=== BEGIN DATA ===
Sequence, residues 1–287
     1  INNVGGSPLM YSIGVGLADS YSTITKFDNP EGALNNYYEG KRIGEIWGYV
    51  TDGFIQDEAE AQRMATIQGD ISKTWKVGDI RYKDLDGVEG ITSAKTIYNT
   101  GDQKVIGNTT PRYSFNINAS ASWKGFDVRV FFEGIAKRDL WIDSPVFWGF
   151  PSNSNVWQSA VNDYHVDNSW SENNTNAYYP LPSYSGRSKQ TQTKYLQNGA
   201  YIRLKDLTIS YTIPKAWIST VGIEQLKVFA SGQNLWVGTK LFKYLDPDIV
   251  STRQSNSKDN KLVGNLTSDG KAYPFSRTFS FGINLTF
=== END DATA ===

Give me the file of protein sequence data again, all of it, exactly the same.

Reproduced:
Sequence, residues 1–287
     1  INNVGGSPLM YSIGVGLADS YSTITKFDNP EGALNNYYEG KRIGEIWGYV
    51  TDGFIQDEAE AQRMATIQGD ISKTWKVGDI RYKDLDGVEG ITSAKTIYNT
   101  GDQKVIGNTT PRYSFNINAS ASWKGFDVRV FFEGIAKRDL WIDSPVFWGF
   151  PSNSNVWQSA VNDYHVDNSW SENNTNAYYP LPSYSGRSKQ TQTKYLQNGA
   201  YIRLKDLTIS YTIPKAWIST VGIEQLKVFA SGQNLWVGTK LFKYLDPDIV
   251  STRQSNSKDN KLVGNLTSDG KAYPFSRTFS FGINLTF